Discussing application of pre-coated papers for treating an archaeological glass flask in the Penn Museum collection with Karissa Muratore, WUDPAC Library & Archive Fellow. Image courtesy of Dr. Melissa Tedone.
Seminar taught by Dr. Melissa Tedone, Book and Library Conservator for Winterthur Museum, Garden & Library and Associate Faculty for the Winterthur/University of Delaware Program in Art Conservation (WUDPAC).

Pre-coated repair papers are frequently used by book and paper conservators who utilize the semi-transparent, highly versatile materials on a variety of substrates, including ones that are sensitive to water or have friable surface. The paper can be heat or solvent reactivated and can be custom made for one treatment or bulk prepared and stored for future use. The use of pre-coated papers is one of several materials/techniques that has made its way into the objects lab from paper conservation in recent years.

Typically, long-fibered, acid-free translucent Asian papers are used as the carrier due to their long-term stability and increased tensile strength. Options for adhesives may include synthetics, starch-based pastes, and cellulose ethers. Depending on the materials used, pre-coated paper repairs are inert and can be made fully reversible.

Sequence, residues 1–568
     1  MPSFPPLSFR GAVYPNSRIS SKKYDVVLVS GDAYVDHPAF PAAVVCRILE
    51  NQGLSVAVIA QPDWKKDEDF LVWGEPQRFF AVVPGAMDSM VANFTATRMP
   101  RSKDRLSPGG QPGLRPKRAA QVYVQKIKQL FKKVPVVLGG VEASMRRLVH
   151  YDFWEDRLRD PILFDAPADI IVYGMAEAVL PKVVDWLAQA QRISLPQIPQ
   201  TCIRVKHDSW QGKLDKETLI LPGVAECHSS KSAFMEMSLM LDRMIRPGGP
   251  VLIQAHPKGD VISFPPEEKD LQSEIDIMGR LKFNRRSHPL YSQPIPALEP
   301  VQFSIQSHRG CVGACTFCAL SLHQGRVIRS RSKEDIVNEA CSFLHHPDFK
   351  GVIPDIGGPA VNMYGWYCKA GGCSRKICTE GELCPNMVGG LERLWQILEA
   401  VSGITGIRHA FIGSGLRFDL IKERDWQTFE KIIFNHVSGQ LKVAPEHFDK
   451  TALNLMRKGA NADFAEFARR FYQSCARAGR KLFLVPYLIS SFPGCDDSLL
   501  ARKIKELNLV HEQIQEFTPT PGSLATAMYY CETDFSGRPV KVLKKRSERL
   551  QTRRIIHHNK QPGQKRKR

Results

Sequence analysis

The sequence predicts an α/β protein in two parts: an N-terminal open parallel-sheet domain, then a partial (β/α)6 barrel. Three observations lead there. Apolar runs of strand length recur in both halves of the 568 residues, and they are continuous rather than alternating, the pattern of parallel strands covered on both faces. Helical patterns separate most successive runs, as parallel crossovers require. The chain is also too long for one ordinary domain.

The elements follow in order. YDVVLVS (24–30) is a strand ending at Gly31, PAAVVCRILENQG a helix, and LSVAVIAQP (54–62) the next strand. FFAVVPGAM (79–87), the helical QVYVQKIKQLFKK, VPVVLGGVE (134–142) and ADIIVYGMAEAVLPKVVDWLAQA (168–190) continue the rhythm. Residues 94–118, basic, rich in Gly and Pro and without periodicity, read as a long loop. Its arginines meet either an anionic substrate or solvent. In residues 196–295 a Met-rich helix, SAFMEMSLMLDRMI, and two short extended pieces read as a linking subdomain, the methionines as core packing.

Testing various types of long-fibered Asian papers.

My interest in attending this Library & Archive seminar was to discuss the feasibility of using pre-coated papers for loss compensation on a fully weathered archaeological glass flask from University of Pennsylvania Museum of Archaeology and Anthropology collection. This object is incredibly thin and fragile, making more traditional fill materials (e.g. cast Paraloid B-72, epoxy resins) inappropriate due to their strength. An added benefit of attending this seminar was to hear feedback from colleagues who have experience using these materials and techniques within their own specialization.

Using two types of pre-coated tissues to fill a loss on an archaeological glass flask from the University of Pennsylvania Museum of Archaeology and Anthropology.
Natalya Swanson